Yes, at first glance, pharmacy accreditation may look pretty pricey. One company charges thirty-something thousand for one location. And the added revenue potential might not be obvious or apparent. But let’s look at some added benefits of accreditation that you might not have thought of:
- Orientation / Training
- Accreditation standards often allow the pharmacy to streamline operations and add new programs that create value for the business. Orientation and training programs are almost always involved in accreditations.
- The average cost of replacing an entry level employee is about 30-50% of the salary, meaning that a pharmacy technician making $12 an hour would equal a cost of $7,500 to $12,500 to replace.
- 64% of retail new hires (pharmacy technicians included) leave within their first year, 40% within 6 months.
- HR Magazine says companies that invest in training can see an average of 24% more profit due to employee commitment, productivity and accuracy.
- A study done by ATD says companies that offer thorough training had two times the amount of income per employee.
- Many studies have proven that effectively training new hires will decrease the turnover rate of the organization.
- Medication Error / Billing Error Prevention
- The overall dispensing accuracy rate of any community pharmacy is 98.3% without a continuous quality improvement (CQI) program in place. A 98.3% accuracy rate may look pretty good, but let’s look at some numbers.
- The average prescription mix of a pharmacy is 89% generic, 9% brand, and 2% specialty.
- Average generic drug costs $26, average brand $308 and average specialty is a whopping $4373. These are 2017 figures.
- This means that a pharmacy that fills 100 scripts a day would see about 408 medication errors a year totalling $55,818 throughout the course of a year!
- This number accounts for medication and billing errors, which are preventable. This does not include costs associated with adverse events experienced by patients, which are not always preventable.
- Med error reduction strategies is another program that a pharmacy would expect to implement during an accreditation process.
- Complaints / Customer Service
- 95% of customers share bad experiences with others, 54% share with 5 or more people, and 45% share their bad experience on social media
- 88% of customers trust online reviews as much as they trust their friends (Consider how often you check online reviews when purchasing a product online)
- A single negative online review costs a company an average loss of 30 customers!
- By using the figures and drug costs from the last bullet point, we can calculate that losing 30 customers equates to $124,488 per year!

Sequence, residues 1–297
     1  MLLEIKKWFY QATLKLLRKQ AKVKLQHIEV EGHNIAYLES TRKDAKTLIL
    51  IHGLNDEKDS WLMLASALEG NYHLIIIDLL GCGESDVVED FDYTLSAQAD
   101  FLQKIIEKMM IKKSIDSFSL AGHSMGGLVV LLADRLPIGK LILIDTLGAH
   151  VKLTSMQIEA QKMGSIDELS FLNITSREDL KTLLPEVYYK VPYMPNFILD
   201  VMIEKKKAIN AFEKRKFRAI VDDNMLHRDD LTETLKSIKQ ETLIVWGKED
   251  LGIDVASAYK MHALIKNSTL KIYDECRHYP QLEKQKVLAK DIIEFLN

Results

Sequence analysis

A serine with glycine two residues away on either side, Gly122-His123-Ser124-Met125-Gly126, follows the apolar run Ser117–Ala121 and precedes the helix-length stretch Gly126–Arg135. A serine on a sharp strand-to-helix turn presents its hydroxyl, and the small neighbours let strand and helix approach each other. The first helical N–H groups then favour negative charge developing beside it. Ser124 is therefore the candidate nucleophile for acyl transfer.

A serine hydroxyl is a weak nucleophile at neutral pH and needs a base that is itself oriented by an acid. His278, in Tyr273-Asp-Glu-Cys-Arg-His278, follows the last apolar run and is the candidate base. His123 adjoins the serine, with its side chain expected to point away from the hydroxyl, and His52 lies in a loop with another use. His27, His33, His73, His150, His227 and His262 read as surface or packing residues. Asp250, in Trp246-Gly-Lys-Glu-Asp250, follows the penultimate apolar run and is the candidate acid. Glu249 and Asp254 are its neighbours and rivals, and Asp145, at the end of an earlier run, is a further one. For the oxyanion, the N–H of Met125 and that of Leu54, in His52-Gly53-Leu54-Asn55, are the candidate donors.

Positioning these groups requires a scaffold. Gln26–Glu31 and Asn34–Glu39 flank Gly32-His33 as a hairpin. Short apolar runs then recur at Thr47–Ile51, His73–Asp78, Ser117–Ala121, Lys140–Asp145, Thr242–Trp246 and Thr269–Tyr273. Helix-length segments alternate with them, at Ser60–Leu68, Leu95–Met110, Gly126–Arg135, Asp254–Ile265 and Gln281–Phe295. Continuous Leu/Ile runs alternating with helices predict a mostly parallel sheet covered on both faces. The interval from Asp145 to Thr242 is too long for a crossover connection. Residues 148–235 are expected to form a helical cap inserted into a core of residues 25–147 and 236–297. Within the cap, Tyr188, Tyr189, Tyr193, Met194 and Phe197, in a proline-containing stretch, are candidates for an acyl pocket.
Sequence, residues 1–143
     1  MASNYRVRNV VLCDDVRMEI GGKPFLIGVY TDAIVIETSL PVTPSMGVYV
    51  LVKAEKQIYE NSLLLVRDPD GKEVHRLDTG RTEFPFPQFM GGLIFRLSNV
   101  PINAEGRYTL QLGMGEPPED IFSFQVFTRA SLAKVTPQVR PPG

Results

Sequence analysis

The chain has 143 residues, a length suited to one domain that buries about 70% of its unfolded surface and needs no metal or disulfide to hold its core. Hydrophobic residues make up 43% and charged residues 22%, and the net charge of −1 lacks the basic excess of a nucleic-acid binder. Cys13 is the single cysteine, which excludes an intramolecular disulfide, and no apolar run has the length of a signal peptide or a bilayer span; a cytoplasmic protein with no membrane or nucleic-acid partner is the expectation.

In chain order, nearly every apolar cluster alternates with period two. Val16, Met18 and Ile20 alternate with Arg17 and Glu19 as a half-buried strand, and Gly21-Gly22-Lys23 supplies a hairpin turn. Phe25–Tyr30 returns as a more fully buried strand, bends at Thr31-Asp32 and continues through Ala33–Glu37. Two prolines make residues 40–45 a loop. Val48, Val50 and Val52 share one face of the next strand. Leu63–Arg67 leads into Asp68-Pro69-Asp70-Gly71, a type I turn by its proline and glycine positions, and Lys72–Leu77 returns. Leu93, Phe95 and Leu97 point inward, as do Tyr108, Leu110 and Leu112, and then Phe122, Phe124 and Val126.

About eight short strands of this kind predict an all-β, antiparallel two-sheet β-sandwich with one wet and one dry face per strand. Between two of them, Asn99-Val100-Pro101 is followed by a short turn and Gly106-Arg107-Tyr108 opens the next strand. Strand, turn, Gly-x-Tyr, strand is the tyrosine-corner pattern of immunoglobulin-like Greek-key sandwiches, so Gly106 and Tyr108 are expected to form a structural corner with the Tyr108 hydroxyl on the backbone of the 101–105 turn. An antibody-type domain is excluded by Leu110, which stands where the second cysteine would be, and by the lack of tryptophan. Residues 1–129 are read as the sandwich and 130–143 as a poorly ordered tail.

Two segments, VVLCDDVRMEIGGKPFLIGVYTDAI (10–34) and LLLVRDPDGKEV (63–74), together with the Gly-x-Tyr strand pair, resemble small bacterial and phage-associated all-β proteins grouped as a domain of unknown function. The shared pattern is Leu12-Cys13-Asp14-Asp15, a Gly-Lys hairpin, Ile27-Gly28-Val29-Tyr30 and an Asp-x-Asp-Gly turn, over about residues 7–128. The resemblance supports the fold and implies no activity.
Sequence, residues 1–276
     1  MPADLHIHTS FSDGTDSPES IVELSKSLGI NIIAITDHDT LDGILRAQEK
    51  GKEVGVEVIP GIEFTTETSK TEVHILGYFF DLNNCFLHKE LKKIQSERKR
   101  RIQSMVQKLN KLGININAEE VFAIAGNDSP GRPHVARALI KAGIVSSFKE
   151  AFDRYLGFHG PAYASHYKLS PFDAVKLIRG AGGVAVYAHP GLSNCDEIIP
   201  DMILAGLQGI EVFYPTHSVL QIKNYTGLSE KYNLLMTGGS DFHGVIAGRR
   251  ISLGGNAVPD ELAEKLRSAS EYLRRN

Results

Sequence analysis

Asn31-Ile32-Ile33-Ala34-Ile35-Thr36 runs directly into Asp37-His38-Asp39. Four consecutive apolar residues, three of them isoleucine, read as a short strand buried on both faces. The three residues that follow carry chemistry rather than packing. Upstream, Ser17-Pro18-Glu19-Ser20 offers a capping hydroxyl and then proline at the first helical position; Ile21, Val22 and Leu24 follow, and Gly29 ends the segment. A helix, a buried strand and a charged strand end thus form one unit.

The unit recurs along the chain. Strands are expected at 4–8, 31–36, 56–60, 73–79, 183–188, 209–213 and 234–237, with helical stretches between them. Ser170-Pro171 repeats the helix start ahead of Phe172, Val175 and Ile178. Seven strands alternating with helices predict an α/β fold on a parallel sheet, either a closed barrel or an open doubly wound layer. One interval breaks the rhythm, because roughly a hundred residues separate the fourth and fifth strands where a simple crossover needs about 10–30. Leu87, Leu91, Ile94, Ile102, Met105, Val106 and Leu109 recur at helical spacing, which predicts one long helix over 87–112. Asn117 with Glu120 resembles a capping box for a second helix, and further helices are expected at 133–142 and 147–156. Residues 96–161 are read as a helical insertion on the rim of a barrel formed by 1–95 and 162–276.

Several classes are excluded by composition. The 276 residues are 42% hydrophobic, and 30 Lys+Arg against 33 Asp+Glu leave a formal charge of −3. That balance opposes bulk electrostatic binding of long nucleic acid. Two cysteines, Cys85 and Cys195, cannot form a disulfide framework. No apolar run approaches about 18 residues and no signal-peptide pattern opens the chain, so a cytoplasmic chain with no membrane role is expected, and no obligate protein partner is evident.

- By analyzing the root cause of customer complaints using tools learned in accreditation, a pharmacy can avoid this extremely costly mistake.
- Cold chain distribution channel
- This term describes maintaining temperature controls and manufacturer stability recommendations while mailing prescriptions to patients’ homes.
- Specialty prescriptions are more commonly shipped to the patient due to the nature of the disease state being treated. For example, a multiple sclerosis patient may be wheelchair-bound and not as mobile as other patients, and may request his/her medication to be shipped to their mailbox to make it easier for the patient. Specialty medications also require special handling requirements such as narrow temperature ranges. During hot summer months these prescriptions are easily damaged due to extreme temperatures. The same goes for cold winter months and snow storms.
- Plain and simple. With an average cost of $4,373 for one specialty prescription, having to replace just one of these per quarter would mean $17,492 a year.
- It would be much cheaper to ensure your cold chain channel with programs recommended in accreditations. Especially considering how completely avoidable this extra cost is.
This document outlines some of the cost savings that a pharmacy would experience by going through the process of pharmacy accreditation. Your pharmacy can get accredited for many services such as retail, specialty, compounding, DME, or mail order.
Not to mention the added revenue your pharmacy could see from having a seal of approval from one or more of the accrediting bodies. Some insurance companies are beginning to require accreditation as a prerequisite to enter into their network and gain access to those lives. Accreditation can also help you if you decide to go through an RFP (request for proposal) process. RFPs are necessary if your pharmacy makes a bid to a manufacturer to be an exclusive or limited dispenser of their product. This is also known as “limited distribution drugs” or LDD, for short.
If you have questions or would like to learn more about pharmacy accreditation, reach out to HVRS Solutions.